To a lesser extent, there was a choice to make when the Nationals came to town.  Prior to that, the only pro-baseball I was going to get was to make the trek all the way up to Camden Yards to watch the Orioles. It’s an easy choice for me to make to back the Nationals, but when they play each other in an interleague game, the outcome serves to validate whether or not I made the right decision in no longer having the Orioles as “my team”. At the end of the day they’re not fighting each other for a playoff spot. They could both make it to the post season, and even both make it to the World Series (however unlikely that might seem right now), and a game in mid May might not seem to matter, but it does hold a bit of weight with those of us who try to pick a team for whom we’re going to loyally root for.

I don’t buy any sort of “they’re nearby therefore I hate them” mentality. The O’s and Nats have been coexisting quite nicely with no one stealing from anyone else’s ticket sales or tv ratings. Same can be said of the Ravens and Redskins.

I agree that you choose to be a fan of teams you can associate with and geography/tradition are a huge part of that. But mostly I think fandom comes from rooting for something as opposed to against it.

I don’t think you adopt a predilection for pinstripes because you dislike Mr. Met. I think you choose (or inherit) your fandom and most other teams fall by the wayside of indifference. You like the Redskins? Congratulations, you hate the Cowboys, Eagles and Giants. How much time do you spend thinking about the Ravens? I’m guessing none.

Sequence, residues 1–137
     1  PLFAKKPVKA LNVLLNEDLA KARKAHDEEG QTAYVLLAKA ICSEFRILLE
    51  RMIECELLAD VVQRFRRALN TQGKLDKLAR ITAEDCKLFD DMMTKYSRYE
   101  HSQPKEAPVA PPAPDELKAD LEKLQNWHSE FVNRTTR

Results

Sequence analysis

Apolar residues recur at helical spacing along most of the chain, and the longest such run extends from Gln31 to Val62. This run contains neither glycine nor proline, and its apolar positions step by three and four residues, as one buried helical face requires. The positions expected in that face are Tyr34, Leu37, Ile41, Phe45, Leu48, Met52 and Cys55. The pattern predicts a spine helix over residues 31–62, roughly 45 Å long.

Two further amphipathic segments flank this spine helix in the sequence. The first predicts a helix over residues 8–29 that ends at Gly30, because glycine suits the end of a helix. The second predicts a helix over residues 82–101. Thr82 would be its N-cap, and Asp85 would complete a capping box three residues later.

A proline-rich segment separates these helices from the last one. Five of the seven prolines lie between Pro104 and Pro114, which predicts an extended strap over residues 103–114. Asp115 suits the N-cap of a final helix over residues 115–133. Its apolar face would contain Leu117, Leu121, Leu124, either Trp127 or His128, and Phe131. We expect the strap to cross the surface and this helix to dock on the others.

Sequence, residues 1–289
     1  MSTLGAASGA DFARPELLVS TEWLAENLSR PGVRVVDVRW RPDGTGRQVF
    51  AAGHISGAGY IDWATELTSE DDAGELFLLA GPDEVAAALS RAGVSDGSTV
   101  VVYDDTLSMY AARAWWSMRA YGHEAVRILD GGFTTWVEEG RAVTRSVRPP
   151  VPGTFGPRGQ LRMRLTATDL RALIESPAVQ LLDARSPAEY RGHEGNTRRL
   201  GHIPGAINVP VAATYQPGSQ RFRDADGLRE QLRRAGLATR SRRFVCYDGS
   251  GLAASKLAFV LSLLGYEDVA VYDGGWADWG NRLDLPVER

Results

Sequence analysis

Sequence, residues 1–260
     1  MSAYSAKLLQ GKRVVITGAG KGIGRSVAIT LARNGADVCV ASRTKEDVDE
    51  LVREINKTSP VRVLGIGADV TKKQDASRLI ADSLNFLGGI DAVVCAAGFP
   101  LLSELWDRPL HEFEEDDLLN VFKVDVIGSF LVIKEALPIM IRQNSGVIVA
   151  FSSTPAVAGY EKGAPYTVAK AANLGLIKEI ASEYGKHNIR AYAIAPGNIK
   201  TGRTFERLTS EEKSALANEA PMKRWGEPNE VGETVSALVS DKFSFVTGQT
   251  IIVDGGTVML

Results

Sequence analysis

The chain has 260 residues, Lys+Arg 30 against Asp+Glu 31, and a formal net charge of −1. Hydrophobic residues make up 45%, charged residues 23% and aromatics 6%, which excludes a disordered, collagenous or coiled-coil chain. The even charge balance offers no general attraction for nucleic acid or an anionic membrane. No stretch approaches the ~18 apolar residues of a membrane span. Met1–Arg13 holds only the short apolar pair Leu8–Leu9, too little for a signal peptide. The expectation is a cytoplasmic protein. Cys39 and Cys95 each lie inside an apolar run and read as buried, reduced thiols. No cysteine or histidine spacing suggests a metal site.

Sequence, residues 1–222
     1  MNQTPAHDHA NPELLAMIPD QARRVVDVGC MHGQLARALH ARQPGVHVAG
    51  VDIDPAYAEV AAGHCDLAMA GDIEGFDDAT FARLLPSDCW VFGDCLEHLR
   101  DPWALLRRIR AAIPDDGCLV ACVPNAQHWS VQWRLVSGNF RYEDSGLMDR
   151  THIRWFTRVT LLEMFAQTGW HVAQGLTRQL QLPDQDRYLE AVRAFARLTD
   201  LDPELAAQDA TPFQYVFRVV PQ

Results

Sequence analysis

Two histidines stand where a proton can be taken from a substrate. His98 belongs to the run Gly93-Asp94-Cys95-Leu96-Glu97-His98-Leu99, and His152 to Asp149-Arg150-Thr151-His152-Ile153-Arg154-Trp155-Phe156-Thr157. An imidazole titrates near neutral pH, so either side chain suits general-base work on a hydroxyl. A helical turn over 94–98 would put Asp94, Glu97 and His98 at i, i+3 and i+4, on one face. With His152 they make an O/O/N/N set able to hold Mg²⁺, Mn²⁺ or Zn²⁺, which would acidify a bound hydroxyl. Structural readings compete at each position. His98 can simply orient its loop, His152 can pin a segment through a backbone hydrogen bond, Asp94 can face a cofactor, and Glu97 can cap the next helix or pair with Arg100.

The Nats/O’s we-beat-them-so-I-choose-the-right-allegiance makes perfect sense to me but isn’t that just the same as if you were almost an abitrary Padres fan. From a broader perspective, this is a ratings killer because it tailors to a much smaller audience. This applies to any regular series but mostly to playoffs and championships because you want as many eyeballs as possible.

Most recent I can remember is when the Halo’s, Dodgers could’ve (and it’s a pretty reaching “could’ve”) been on a crash course to meeting in the World Series and Fox probably had to put their executives on anti-depressants.

You certainly have a point about the ratings taking a hit if there was a cross-town series. I’m not sure what the numbers were like back in 2000 when the Yankees devoured the Mets in 5 games, but New York is something of a different animal. A Nationals vs Orioles World Series would be a huge blow to the ratings, no doubt about it. But what I’m really talking about is just fan loyalty.